As journalism school graduation by-the-skin-of-my-teeth neared, I faced an important decision. I could continue to work for Kainai News in Calgary or I could go home to Prince Rupert and work at the Daily News. It was not an easy decision.
Coming home had always been in my plans. My family was there and I knew that my father, whose approval I still sought, would be so proud of me. My best friends were also there, playing in sports leagues such as floor hockey, flag football and slo-pitch, that I dearly missed – although I had enjoyed being a secret ringer playing in the University of Calgary (using the name of a student there) slo-pitch league and its floor hockey tournament.
I had enjoyed Calgary, though. It was an exciting, growing city, where I could watch professional hockey, football and baseball, and go to concerts. And my sister and her family were there, not to mention a handful of good friends I had made. And Kainai dangled a carrot: the current editor had plans to move on soon and I would be given the job if I stayed. I would certainly make more money there than I would at the Daily.
Journalism department head, Ron Macdonald, made the decision easier. He understood my desire to make more money and be fast-tracked to an editor position, but he also thought I could be a good journalist, in its truest form.
MacDonald said most journalism grads would jump at the chance of working on a daily newspaper, rather than the usual ritual of cutting their teeth on weeklies. It was more prestige, more exposure, more pressure (the good kind), and more exciting. In other words, what journalists live for. He also said what was well known about Aboriginal papers but usually not said aloud. He asked me if I really wanted to become an “agenda” writer. I hadn’t thought about it in that way.
I thought of Kainai News as a paper that was providing a different perspective, through an Aboriginal lens, that mainstream media didn’t offer. And that was correct. But, in having that agenda, it often went too far. It virtually ignored the other side of the story, making only half-hearted efforts to get their comments on an issue. And I did not want to be trapped in that.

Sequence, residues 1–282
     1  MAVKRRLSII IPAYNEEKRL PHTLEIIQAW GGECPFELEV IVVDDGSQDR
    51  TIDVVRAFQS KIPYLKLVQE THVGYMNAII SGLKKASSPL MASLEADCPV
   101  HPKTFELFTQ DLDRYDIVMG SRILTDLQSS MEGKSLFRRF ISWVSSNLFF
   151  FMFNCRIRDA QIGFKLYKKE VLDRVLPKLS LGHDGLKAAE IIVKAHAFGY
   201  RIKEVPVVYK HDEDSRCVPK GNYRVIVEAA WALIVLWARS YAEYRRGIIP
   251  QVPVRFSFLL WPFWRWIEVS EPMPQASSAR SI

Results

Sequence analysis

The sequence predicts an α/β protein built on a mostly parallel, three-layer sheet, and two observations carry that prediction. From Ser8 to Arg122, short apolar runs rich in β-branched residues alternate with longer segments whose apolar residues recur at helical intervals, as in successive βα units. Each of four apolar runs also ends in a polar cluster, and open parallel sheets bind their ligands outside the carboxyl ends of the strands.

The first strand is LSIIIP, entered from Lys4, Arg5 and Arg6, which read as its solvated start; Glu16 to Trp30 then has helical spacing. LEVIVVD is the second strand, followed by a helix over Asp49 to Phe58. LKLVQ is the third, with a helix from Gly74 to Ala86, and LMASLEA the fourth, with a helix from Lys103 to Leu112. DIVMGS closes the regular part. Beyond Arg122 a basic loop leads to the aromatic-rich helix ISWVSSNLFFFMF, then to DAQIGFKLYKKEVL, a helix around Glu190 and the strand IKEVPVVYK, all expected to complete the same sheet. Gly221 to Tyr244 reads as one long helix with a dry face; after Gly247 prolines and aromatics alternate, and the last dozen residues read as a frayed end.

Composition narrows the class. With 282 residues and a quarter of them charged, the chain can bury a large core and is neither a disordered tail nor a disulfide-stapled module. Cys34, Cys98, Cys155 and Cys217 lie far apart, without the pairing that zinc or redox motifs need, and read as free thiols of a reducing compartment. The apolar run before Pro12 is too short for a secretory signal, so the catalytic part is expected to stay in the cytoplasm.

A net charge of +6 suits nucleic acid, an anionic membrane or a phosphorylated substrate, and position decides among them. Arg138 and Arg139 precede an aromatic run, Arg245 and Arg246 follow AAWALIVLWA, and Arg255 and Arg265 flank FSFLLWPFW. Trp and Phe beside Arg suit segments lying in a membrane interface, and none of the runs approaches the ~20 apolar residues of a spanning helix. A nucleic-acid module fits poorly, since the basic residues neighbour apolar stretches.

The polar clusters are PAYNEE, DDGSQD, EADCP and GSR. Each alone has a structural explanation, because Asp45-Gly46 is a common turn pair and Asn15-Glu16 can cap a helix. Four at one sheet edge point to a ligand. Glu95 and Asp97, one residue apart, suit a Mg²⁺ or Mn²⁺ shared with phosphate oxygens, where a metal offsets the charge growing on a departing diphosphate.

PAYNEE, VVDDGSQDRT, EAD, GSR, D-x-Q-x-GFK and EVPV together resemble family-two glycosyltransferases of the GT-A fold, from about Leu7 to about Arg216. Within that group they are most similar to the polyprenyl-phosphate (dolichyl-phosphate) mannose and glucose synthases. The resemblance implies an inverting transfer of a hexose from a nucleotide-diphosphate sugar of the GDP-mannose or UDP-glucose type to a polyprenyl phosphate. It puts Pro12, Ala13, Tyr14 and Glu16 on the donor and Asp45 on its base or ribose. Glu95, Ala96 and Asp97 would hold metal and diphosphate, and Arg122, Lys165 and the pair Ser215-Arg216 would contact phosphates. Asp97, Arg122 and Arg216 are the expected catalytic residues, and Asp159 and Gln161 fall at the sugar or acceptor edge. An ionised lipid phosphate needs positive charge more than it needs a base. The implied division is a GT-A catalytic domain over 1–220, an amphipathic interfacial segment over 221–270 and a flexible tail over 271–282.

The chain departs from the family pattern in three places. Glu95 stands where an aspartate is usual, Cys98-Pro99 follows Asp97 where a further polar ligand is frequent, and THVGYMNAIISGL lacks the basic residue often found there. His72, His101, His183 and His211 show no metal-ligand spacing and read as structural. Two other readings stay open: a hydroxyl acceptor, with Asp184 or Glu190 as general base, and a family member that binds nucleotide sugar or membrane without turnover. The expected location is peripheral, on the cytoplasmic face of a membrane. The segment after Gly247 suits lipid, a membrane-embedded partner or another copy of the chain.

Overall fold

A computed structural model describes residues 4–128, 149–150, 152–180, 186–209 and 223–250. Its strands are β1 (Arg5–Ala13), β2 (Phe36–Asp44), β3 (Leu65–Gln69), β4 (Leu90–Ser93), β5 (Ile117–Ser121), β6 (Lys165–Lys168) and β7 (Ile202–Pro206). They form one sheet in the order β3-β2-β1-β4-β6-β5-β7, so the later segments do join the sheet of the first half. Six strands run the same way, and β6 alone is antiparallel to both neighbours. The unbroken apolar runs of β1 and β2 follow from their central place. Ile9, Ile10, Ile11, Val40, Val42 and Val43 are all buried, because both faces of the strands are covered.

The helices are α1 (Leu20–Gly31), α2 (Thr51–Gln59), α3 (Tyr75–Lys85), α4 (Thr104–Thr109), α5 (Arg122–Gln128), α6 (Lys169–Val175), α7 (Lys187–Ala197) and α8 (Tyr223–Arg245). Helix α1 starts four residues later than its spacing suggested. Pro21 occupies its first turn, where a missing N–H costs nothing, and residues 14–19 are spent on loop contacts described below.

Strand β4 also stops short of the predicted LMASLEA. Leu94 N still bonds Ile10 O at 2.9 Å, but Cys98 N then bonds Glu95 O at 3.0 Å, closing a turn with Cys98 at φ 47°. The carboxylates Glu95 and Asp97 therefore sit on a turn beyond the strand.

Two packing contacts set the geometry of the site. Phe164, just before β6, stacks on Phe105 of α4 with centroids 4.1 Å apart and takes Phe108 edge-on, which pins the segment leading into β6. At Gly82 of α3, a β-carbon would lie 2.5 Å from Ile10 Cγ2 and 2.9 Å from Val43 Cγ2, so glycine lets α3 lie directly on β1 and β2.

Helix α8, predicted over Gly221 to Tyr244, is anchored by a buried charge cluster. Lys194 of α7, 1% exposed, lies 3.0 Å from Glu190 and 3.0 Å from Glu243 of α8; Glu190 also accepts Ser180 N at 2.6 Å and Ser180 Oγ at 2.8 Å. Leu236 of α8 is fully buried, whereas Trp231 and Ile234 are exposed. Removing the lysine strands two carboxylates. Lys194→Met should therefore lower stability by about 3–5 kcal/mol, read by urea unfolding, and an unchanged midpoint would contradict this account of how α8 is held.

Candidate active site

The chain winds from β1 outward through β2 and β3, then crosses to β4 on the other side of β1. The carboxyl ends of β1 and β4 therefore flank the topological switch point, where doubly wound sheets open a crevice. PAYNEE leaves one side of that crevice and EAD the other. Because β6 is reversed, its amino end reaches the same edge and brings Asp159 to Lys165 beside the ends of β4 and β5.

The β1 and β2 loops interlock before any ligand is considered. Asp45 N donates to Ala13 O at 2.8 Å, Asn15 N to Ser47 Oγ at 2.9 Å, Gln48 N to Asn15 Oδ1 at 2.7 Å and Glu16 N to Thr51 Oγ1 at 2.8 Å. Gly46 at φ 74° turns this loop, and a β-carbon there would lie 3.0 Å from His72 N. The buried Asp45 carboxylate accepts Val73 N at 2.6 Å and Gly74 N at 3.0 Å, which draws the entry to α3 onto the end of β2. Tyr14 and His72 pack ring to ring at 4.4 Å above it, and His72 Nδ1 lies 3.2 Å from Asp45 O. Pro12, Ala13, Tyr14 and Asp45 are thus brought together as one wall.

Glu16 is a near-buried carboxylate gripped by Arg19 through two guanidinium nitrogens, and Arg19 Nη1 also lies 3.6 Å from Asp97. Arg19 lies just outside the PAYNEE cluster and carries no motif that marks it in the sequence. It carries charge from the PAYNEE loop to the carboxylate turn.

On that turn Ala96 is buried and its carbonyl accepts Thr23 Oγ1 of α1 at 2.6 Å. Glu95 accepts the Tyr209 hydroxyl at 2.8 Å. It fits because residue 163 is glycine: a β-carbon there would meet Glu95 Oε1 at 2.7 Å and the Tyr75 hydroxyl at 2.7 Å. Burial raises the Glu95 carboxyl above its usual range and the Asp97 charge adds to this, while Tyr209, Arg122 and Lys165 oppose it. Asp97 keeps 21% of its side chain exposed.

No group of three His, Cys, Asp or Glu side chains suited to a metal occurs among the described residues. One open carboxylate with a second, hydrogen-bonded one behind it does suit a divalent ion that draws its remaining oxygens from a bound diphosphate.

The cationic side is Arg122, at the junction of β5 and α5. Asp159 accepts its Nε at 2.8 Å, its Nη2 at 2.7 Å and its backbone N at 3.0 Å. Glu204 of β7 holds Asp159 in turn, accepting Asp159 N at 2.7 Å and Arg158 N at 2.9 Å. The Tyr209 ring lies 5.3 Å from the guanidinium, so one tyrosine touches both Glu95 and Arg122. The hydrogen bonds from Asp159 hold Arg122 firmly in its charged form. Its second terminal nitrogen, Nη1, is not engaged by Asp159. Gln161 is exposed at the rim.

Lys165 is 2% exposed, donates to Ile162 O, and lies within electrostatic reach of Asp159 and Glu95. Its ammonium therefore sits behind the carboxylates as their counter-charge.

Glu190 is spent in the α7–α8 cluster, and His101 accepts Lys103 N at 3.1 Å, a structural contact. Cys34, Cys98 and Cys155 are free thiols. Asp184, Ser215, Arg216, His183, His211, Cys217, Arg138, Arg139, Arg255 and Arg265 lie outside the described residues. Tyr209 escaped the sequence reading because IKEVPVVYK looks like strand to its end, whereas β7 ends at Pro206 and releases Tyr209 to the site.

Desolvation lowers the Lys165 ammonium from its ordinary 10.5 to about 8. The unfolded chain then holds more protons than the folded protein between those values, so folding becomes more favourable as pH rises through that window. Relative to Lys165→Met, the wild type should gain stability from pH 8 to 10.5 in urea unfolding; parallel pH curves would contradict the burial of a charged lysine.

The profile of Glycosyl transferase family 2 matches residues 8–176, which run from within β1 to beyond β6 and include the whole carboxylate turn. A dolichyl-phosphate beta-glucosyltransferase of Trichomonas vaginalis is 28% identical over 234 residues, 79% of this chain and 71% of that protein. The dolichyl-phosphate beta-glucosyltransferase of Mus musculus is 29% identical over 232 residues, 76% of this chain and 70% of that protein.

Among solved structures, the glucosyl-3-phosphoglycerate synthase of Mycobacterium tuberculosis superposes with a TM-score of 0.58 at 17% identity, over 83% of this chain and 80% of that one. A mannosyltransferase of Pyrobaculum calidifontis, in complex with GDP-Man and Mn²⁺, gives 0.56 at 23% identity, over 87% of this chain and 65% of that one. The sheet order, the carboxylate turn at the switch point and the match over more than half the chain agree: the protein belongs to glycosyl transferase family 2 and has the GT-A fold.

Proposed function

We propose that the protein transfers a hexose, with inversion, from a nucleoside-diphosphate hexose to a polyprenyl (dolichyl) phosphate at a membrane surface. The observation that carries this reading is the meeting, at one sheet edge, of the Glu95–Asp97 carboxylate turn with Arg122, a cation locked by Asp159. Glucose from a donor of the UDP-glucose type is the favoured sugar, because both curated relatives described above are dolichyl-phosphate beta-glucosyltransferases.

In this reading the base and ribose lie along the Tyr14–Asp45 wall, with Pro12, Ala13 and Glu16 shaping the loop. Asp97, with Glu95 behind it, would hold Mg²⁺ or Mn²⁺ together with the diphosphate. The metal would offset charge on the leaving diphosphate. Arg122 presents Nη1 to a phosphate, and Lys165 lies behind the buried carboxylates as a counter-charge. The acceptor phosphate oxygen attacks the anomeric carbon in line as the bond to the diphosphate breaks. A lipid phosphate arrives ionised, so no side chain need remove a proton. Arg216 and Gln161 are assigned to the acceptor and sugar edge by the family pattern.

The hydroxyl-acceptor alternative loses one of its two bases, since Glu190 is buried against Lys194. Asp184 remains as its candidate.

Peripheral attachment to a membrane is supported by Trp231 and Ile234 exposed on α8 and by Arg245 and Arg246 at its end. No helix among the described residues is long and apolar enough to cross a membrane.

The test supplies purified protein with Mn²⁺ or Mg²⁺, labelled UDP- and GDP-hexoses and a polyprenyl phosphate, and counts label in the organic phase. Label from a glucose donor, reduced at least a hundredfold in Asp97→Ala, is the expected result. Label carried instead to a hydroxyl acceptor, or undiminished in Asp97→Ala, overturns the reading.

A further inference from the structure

And, so, I said yes to Daily News editor, Dina Von Hahn, when she called and asked me if I wanted a job at the paper in a few weeks when I graduated. I also lied to her when she asked if I had a driver’s license, and managed to get one just before I left Calgary (thanks to a good friend who taught me so well, so quickly, that I aced the test!).
I had met Dina during my practicum. Then, she was the senior news writer and Iain Lawrence was the editor. I remember dressing up as best as I could on the first day of my practicum, thinking a professional appearance was important. But, when I was brought to the editor’s desk in the newsroom, there sat a long-haired, disheveled man, in a ratty baseball cap, plaid wool shirt, and gumboots. His cap was pulled down so much that had to tilt his head back to see me.
Iain welcomed me and told me where my desk was, and asked if I had any questions. I did, of course, and they were always greeted with a mischievous grin, as if he was thinking, oh, boy, you’ve got the wrong idea but you’ll figure it out soon enough.
Lawrence was a great guy and, of course, went on to become a successful, popular author of young adult novels. His debut hit, The Wreckers, was one of the first books I got my oldest son.
And, thus, began a revolving door of editors as, before too long, Dina moved on to CBC radio and was succeeded by Shelly Brown, Dan Gilmore, then Scott Crowson, who stabilized the position. I would be there for almost 10 years.
It’s remarkable when we think of decisions like the one I made in the spring of 1988 and what a difference it makes. If I had remained in Calgary, maybe I would have stayed in Aboriginal journalism and helped shape it on a broader level. Or I might have made the jump to one of the bigger papers, the Sun or Herald – although I don’t think Calgary was there yet.
But home I came.
I was mainly a sports reporter at The Daily News but I also delved into community and hard news. I covered some of the biggest local and provincial stories of that time. Like many reporters then, I was an alcoholic and lucky to have kept my job. But keep it I did and, man, it was a wild ride.
NEXT: The Daily News and me. They tried to tame me but …